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Medtronic plc Message Board

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  • ma45342312 ma45342312 Jul 4, 2011 11:32 AM Flag

    Ty Webb/Mitch Cumstien


    I truly agree with both previous posters.

    It is becoming apparent that not all adverse events in the clinical trial that gained product approval for infuse were properly reported.

    What has changed from 2008 till now? Now we have a physician that works in the field or orthopedic surgeon who is now pointing out the issue. A colleague has turned on his own field. Basicly a whistleblower.

    So the next question is ......Is it criminal? A physician signs what is called an investigator's agreement with the sponsor prior to starting a given clinical trial. This is mandated by the FDA. This is normally an 8 or so page long document writing by a lawyer employed by the sponsor. It is designed to make sure everyone knows their legal responsibilities in the clinical trial. In that document it states "I the physician will report any and all adverse events in a timely manner"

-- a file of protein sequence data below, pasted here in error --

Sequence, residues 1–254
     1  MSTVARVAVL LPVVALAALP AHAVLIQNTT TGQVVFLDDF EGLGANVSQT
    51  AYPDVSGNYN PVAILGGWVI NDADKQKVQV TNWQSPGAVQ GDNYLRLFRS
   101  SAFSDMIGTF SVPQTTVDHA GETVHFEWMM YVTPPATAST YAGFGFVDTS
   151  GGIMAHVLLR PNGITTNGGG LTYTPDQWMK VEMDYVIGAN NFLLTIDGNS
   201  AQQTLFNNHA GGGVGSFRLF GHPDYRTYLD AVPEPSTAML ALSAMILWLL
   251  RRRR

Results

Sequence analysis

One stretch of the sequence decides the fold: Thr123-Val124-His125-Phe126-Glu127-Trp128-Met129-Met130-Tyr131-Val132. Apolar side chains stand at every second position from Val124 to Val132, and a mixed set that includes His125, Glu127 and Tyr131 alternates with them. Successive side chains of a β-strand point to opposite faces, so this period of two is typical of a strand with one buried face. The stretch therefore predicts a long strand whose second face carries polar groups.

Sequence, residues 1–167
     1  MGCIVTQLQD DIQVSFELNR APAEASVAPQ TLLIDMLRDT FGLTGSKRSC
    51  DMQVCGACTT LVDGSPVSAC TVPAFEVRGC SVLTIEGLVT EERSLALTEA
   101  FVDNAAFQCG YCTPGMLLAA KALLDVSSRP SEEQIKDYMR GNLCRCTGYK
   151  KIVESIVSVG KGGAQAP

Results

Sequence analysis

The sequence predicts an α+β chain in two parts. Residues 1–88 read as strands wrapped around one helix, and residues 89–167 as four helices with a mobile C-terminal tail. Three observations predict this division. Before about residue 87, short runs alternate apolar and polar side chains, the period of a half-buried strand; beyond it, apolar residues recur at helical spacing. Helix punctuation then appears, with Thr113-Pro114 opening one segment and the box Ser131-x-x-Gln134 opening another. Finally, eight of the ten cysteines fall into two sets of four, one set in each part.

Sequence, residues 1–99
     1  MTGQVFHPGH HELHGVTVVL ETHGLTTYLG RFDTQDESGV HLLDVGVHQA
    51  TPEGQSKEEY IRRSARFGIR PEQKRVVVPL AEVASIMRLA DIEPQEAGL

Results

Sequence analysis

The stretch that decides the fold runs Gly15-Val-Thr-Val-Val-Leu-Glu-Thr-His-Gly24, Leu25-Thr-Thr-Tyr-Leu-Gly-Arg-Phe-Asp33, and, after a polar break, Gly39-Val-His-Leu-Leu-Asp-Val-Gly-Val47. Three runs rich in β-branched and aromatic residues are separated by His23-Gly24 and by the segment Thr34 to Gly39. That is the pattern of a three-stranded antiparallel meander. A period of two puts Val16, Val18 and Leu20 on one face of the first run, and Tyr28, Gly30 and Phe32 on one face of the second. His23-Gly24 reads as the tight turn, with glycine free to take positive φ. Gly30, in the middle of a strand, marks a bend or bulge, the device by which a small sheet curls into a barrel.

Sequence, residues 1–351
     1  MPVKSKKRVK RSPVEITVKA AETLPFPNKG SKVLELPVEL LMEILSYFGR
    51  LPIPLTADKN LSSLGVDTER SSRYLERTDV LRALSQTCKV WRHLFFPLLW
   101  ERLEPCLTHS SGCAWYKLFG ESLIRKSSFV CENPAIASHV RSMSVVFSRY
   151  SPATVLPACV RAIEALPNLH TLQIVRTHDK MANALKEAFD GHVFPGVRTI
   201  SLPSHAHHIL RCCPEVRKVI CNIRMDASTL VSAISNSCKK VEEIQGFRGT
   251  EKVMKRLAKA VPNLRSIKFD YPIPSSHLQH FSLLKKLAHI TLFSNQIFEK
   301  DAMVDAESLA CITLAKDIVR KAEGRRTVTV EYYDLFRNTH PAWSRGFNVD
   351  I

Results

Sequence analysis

Once a physician signs this document prior to the clinical trial this is the point that the physician becomes an investigator.

    I have not seen the actual investigators agreement for this particular trial. But that language is in all investigators agreements. Either written like I wrote it or something like that. It is FDA mandated that it has to be in there. The sponsor has by law a given number of days to report serious adverse events to the FDA. This is designed to protect the public from investigational products that are not functioning as they should.

    So the legal framework for a lawyer to go after the sponsor or the investigator is there. Legal documents were signed prior to the clinical trial that gained product approval.

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